Like liberalism, the labour movement’s motives were not wholly unrelated to identity. The explicit motivation was economic – protection of wages and working conditions – but there was always an identitarian motive, usually implicit but often out in the open. The founders of the Labour movement were primarily concerned with protecting workers of the Australian nation, not workers of the world.
The prospect of a permanent non-white lower class was ameliorated somewhat in Australia by selection of immigrants for economic ability. Nevertheless, Australia has not bucked the trend detected overseas, of racial inequality and stagnant wages in various sectors caused in part by large scale immigration to those sectors. Identitarian fears have been realised with the wholesale alienation of many suburbs in large cities. The poor outcomes shown by refugees, unselected for economic compatibility, confirms the most dire economic prediction.
The other economic concern, based on Gold Rush experience, related to competitive non-European immigrants. This concern has been vindicated. Since the late twentieth century, Chinese and some Indian immigrants have displaced large numbers of native-born Australians from the best state-run schools and universities. They are on course to be overrepresented in the managerial and professional class, as documented by the late Peter Wilkinson in The Howard Legacy.19
There is also economic anti-nationalism, a globalist idea in big business. The corporate interest in maximising profits can generate policies that erase borders as a means of freeing up the movement of labour. Economic nationalism on the part of workers has been a recurring complaint coming from globalist ideologues.
This was a doctrine more acceptable to the radical left than either ethnic or true liberal types. Many on the left were of Catholic Irish extraction, for whom republicanism had the attraction of attacking symbols of the English nation that had dominated Ireland for centuries. The crown and the union flag would be removed if a republic were instituted. This leftist-Irish republicanism was thus a front of the long-standing conflict between Irish Catholics and Protestant English, first manifested in Australia in the Vinegar Hill rebellion of 1804, just 16 years on from the First Fleet. It should be emphasised that many people of Irish Catholic extraction did not oppose the emerging Anglo-Australian nation. During the First World War 6,600 immigrants born in Ireland volunteered for the Australian armed forces.20 Another example was the Labor leader Arthur Calwell, who was both an active member of Melbourne’s Irish Catholic community and a staunch advocate of the White Australia Policy.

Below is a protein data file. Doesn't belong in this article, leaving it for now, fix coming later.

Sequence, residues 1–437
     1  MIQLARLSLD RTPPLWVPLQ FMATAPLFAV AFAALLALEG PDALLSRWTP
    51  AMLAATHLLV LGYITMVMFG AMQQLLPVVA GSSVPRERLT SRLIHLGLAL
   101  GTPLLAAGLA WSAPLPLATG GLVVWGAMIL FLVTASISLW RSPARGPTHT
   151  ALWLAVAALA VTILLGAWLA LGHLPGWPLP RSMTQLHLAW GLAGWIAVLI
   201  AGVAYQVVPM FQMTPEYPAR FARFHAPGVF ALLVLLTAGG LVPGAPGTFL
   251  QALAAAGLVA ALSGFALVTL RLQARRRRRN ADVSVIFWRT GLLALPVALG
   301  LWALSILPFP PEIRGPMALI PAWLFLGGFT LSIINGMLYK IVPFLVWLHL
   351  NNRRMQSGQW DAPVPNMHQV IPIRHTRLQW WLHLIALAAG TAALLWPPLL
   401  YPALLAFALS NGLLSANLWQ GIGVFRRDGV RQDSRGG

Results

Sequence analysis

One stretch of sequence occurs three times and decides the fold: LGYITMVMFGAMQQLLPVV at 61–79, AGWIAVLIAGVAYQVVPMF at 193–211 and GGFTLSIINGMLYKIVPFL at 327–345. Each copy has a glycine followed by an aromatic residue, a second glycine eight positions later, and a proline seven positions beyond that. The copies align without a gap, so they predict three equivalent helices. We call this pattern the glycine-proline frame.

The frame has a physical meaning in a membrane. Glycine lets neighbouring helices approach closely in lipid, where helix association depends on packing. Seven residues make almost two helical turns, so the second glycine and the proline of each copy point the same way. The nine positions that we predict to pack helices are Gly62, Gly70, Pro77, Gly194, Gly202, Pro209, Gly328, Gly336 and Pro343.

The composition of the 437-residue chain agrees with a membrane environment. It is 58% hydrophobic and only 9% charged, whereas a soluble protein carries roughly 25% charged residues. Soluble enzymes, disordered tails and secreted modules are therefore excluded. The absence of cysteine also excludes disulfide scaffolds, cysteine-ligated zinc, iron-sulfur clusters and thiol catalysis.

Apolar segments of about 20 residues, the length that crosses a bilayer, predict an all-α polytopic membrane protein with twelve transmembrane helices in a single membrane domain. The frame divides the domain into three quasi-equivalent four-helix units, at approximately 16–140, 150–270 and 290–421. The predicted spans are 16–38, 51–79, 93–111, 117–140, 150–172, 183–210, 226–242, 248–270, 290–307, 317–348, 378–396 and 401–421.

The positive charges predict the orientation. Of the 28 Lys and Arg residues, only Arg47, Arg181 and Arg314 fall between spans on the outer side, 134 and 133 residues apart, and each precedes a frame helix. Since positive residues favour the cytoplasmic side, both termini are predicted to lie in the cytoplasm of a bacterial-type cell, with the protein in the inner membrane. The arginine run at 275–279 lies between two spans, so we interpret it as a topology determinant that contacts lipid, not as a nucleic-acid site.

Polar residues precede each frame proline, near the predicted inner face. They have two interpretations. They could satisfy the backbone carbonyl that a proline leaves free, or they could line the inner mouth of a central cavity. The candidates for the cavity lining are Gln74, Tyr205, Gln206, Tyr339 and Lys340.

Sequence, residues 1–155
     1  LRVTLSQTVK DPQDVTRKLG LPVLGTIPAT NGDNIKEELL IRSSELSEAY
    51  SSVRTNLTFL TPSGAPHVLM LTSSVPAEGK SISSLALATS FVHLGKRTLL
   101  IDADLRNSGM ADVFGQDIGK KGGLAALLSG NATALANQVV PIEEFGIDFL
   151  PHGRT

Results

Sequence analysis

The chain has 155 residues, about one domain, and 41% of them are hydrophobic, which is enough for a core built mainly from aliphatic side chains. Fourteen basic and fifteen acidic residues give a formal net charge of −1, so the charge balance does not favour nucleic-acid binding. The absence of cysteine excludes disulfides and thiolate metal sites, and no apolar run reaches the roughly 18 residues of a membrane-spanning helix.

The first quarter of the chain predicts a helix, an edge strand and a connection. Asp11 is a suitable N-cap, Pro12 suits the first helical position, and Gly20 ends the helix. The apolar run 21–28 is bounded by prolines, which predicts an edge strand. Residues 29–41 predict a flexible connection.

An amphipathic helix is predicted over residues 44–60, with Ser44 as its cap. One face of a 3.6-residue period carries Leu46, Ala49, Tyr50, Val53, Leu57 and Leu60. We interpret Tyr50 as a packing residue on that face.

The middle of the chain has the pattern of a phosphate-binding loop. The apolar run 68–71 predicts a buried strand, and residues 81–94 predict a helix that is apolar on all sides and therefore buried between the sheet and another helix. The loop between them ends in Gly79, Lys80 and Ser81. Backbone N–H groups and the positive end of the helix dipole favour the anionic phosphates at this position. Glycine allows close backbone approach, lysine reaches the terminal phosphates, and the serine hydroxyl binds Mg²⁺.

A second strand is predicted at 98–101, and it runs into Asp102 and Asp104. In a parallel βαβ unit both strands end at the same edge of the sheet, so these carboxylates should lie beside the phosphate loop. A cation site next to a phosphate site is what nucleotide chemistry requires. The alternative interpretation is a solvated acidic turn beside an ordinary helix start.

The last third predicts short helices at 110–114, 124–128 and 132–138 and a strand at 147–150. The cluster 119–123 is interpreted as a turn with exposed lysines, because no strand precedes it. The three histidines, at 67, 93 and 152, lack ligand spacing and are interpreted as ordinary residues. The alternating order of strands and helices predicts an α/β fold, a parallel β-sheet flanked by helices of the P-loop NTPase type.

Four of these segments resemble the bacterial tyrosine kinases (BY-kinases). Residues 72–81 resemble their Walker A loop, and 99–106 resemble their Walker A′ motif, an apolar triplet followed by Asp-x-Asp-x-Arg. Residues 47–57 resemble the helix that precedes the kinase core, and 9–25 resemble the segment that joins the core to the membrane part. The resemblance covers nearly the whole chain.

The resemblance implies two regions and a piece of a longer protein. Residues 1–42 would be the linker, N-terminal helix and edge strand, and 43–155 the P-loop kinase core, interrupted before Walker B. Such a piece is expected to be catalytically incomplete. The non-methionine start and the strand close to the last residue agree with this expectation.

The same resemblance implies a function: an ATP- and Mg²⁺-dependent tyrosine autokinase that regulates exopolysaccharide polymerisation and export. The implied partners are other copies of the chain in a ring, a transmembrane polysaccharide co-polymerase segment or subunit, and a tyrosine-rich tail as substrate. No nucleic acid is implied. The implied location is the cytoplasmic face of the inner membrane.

Republican nationalism seeks to divorce national identity from Anglo markers of race, culture and history, though in principle it is compatible with broader ethnic and religious identity. An early advocate was Keith Murdoch and his son Rupert. Anti-English sentiment found an ally in Irish-Catholic sentiment, manifested in the anti-conscription campaigns during the First World War. A leader of the anti-conscription cause was Irish immigrant Archbishop Daniel Mannix. By the 1960s Irish identity was channelled through republicanism, as a way of attacking the symbol of historical oppression, the British crown. The monarch is not only Australia’s head of state but an ancient ethnic marker of Anglo identity. Republicanism rose to prominence during the Whitlam government, 1972 to 1975. It was the precursor of civic nationalism, which extended republican abstractions to allow immigrants from anywhere. The ever deepening political corruption of the social sciences facilitated the slide from republicanism to multiculturalism, by giving legitimacy to claims for minority privilege.
In principle an Australian republic could retain Anglo-Christian identity. As minorities have assimilated, many have identified with the mainstream. Unfortunately, rapid demographic change has brought a large minority voting base behind the republican cause. Republican nationalism is now largely disconnected from the interests of Anglo Australia.
One common misstep of republicans is to confuse the nation with the federal state, which in Australia is known as the Commonwealth. Politicians and commentators assert that the nation came into existence at federation in 1901, when in fact national consciousness had arisen earlier and was an important motivation of the federal movement. This error became a mainstay of civic nationalism.